You have no items in your shopping cart.
Problems Adding to Cart? Click here for assistance.
Dr. Oz recently gave his three tips on how to “drop a decade from your skin” (see original article here) and made a very curious recommendation: phytoceramide capsules, plant-based ceramides. Less controversially, he also mentioned vitamin C serums (see our Five Best with Vitamin C) and power cleansing with brushes (like the Clarisonic or the Sirius Sonic). But what are phytoceramide capsules and why should Dr. Oz make them one of only three recommendations?
Phytoceramides are the plant-derived equivalent of ceramides, a lipid that keeps your skin hydrated and plump. Supplements with phytocermides are mostly obtained from wheat. Actually, ceramides are found naturally in many foods, especially wheat flour. Sphingolipids, which contain ceramides, are present in large amounts in dairy products, eggs and soybeans. So you can get ceramides from food and don’t really need to take supplements. But what if you did, would they be a good anti-ager?
This is unproven, as far as I can tell. I could find no independent research on phytoceramide capsules’ effects on skin. After many frustrating hours, I eventually found a study on phytoceramide capsules and the “perceived” improvement of dry skin – it was conducted by Hitex, a company that makes extracts from wheat and other plants. Throughout the web, there are various references to Japanese studies, but although they certainly demonstrate the importance of ceramides – deficiencies in ceramides lead to dry skin (source) – they did not refer to phytoceramide supplements.
So I’ll pass on the supplements for now as likely to be a waste of money. But what about ceramides more generally?
Ceramides are natural components of human skin. There are different ceramide types (conveniently numbered – i.e. ceramide 3) and six are commonly found in skin. All four layers of the epidermis contain ceramides, and they play an important role by creating a barrier which reduces infection and helps to retain the skin’s moisture. Reduction in the amount of ceramides may result in dry skin, dermatitis, or wrinkles.
For years, ceramides were thought of simply as a structural component to the lipid bilayer of all cell membranes, including the upper layer of skin. Interestingly though, recent studies reveal that they can also act as a signaling molecule that send messages to the rest of the body. The “signal” they perform is apostosis, programming a cell to die. This has made ceramide the subject of numerous studies on its role in treating cancer patients.
Now, what about ceramide creams? Well, thankfully, there is research on this. In a Japanese study, eight people's eyelids were treated with a ceramide gel for four weeks with the result that “water content of eyelid skin was significantly increased after treatment.” There’s also a French study, showing that topical ceramides with “other skin lipids” improved skin barrier repair. A ceramide gel was also shown to relieve dermatitis, while sphingolipids (which as mentioned above is made up of ceramide) from a lactic acid bacteria was applied topically and increased the skin’s resistance to aging (source).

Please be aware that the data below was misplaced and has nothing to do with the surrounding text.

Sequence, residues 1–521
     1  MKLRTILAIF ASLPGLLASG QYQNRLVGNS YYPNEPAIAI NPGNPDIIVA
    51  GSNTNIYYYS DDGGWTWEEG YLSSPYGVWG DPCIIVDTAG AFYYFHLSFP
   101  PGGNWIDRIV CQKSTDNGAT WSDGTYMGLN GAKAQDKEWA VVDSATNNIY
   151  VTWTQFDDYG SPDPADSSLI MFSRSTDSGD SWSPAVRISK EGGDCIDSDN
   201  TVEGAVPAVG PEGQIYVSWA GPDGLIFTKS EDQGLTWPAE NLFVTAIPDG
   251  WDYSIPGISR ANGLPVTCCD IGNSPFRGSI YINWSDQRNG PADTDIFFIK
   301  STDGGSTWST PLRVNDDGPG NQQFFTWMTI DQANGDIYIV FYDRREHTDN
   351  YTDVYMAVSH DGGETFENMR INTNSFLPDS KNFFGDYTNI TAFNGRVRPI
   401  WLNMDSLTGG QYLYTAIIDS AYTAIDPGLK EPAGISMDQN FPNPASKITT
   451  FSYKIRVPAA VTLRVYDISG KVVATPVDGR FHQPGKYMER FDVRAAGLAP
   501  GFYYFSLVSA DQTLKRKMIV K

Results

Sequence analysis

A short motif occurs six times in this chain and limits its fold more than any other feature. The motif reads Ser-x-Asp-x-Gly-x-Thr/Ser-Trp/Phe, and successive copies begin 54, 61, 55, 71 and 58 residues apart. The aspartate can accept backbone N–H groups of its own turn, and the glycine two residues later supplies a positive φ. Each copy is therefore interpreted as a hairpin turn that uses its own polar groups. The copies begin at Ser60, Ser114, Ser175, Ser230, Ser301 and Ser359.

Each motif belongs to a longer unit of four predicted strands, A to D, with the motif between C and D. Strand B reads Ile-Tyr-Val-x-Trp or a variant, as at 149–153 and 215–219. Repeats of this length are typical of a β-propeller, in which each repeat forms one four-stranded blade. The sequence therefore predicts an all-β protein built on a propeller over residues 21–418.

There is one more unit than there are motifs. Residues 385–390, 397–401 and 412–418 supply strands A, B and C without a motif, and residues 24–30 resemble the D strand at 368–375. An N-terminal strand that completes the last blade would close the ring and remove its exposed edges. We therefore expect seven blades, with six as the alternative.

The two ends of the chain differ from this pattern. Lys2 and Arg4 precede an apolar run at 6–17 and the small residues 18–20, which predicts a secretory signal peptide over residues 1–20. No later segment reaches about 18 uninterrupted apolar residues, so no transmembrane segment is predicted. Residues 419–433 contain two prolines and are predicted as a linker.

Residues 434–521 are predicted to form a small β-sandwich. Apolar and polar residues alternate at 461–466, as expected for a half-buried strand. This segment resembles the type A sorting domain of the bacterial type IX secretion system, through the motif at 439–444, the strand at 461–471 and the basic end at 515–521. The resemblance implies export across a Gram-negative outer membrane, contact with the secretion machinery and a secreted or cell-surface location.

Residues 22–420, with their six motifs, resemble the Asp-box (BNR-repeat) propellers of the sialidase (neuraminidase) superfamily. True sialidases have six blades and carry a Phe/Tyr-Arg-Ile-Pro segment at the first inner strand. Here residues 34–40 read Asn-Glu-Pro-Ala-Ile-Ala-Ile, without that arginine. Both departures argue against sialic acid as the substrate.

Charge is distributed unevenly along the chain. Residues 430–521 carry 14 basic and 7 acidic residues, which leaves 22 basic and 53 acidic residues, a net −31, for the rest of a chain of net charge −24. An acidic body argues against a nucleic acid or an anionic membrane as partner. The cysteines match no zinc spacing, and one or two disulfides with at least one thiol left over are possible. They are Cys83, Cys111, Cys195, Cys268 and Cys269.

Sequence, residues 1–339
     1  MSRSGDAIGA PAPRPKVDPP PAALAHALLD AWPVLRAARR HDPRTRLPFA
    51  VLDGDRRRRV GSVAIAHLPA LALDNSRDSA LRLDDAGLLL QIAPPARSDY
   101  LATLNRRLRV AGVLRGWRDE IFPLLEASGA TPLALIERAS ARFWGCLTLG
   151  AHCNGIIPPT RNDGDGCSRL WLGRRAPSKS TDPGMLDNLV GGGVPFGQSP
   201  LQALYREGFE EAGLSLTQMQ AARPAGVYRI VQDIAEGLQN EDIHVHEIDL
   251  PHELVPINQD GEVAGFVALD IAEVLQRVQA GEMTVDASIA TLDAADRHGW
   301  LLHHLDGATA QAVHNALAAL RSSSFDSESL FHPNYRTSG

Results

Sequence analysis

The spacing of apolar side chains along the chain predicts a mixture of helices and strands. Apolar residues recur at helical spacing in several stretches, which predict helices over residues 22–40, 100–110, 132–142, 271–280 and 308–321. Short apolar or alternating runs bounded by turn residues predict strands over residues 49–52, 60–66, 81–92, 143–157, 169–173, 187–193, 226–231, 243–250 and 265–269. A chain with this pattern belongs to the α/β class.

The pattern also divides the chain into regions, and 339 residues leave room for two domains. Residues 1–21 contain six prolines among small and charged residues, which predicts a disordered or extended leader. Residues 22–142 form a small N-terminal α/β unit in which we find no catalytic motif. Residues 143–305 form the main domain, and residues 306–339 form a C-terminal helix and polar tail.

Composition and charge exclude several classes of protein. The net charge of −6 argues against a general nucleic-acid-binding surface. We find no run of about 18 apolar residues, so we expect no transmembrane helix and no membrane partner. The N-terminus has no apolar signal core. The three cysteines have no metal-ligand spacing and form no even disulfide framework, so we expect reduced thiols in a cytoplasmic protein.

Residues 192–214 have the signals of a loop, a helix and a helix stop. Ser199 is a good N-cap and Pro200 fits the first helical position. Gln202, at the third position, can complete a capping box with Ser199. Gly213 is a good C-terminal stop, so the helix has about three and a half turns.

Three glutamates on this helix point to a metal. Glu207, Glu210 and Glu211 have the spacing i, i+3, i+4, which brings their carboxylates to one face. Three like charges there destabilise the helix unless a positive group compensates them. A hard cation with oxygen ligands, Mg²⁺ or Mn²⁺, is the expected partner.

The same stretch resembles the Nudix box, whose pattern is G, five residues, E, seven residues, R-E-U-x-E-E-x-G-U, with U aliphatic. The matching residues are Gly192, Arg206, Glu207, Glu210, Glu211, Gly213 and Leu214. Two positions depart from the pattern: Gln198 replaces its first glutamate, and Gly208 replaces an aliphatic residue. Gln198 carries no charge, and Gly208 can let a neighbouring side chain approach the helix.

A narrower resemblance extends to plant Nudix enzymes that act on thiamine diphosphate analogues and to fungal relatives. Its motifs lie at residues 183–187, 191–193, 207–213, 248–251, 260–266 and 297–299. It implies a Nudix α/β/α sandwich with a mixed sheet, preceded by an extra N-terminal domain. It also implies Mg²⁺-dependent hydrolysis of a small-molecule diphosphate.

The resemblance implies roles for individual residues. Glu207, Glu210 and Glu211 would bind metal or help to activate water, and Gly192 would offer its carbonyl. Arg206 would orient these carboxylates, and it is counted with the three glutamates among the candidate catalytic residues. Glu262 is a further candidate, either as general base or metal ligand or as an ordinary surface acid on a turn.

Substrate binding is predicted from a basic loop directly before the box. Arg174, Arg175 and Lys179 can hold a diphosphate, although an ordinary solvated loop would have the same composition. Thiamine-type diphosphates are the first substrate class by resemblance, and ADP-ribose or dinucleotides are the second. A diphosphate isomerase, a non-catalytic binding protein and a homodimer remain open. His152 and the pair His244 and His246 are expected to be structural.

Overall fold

So topical ceramide seems a good addition to our skincare regimen. Ceramide has been a mainstay of Elizabeth Arden products for years, but I wanted to do better than an overpriced department store brand. Searching through the Truth In Aging archives, I turned up a number of products that feature ceramide (as well as a host of other good anti-aging ingredients).
Mad Hippie Exfoliating Serum ($35 in the shop). This is a great little serum. It exfoliates with lactic and glycolic acids, brightens with a botanical complex called Gigawhite, has the peptide Matrixyl 3000 and ceramide-3. Read the full review.
Osmotics Anti-Radical Age Defense ($111 in the shop). This classic from Osmotics stands the test of time. It is great for wrinkles, broken veins and skin tone. As well as ceramide (a favorite Osmotics ingredient), this anti-aging treatment attacks free radicals that damage skin cells in three different ways, with carnosine and aldenine. Read the full review.
Skinfinite Platimum 1% Retinol ($63 in the shop). Yes, this has ceramide, but it also has a 1% retinol. It is one of the few retinol creams that get my vote. It doesn’t seem to irritate and there are good results within two months. Skin is hydrated with ceramide-2, shea butter and sodium hyaluronate, so unlike many retinols, Skinfinite Platinum is not drying. Read the full review.
Snowberry Rich Nourishing Day Cream ($96) is a rich and heavy hitting day cream that is absolutely jam packed with antioxidants, peptides and, of course, ceramide-3. Actually, ceramide features in many of Snowberry’s organic and natural products including the Cellular Regeneration Night Cream ($104 in the shop), which gives the skin a healthy and moisturized glow. Read the full review of Snowberry Nourishing Rich Day Cream.
Skin Nutrition Cell CPR ($170 in the shop). This has got it all, including ceramide. Skin Nutrition's philosophy is that skin cells are complex things made up of phospholipids, proteins (enzymes, oligopeptides, amino acids, growth factors), oligosaccharides, oxygen, vitamins and minerals. And so, therefore, is Cell CPR with a whopping 70 or so ingredients. Cell CPR has been a favorite of mine for more than three years now. Read the full review.
Medik8 Pretox Eyelift ($70 in the shop). Medik8 Pretox is one of the few eye creams to promise that it will diminish dark circles and reduce puffy eyes that actually works. A great eye cream with ceramide 2. Read the full review.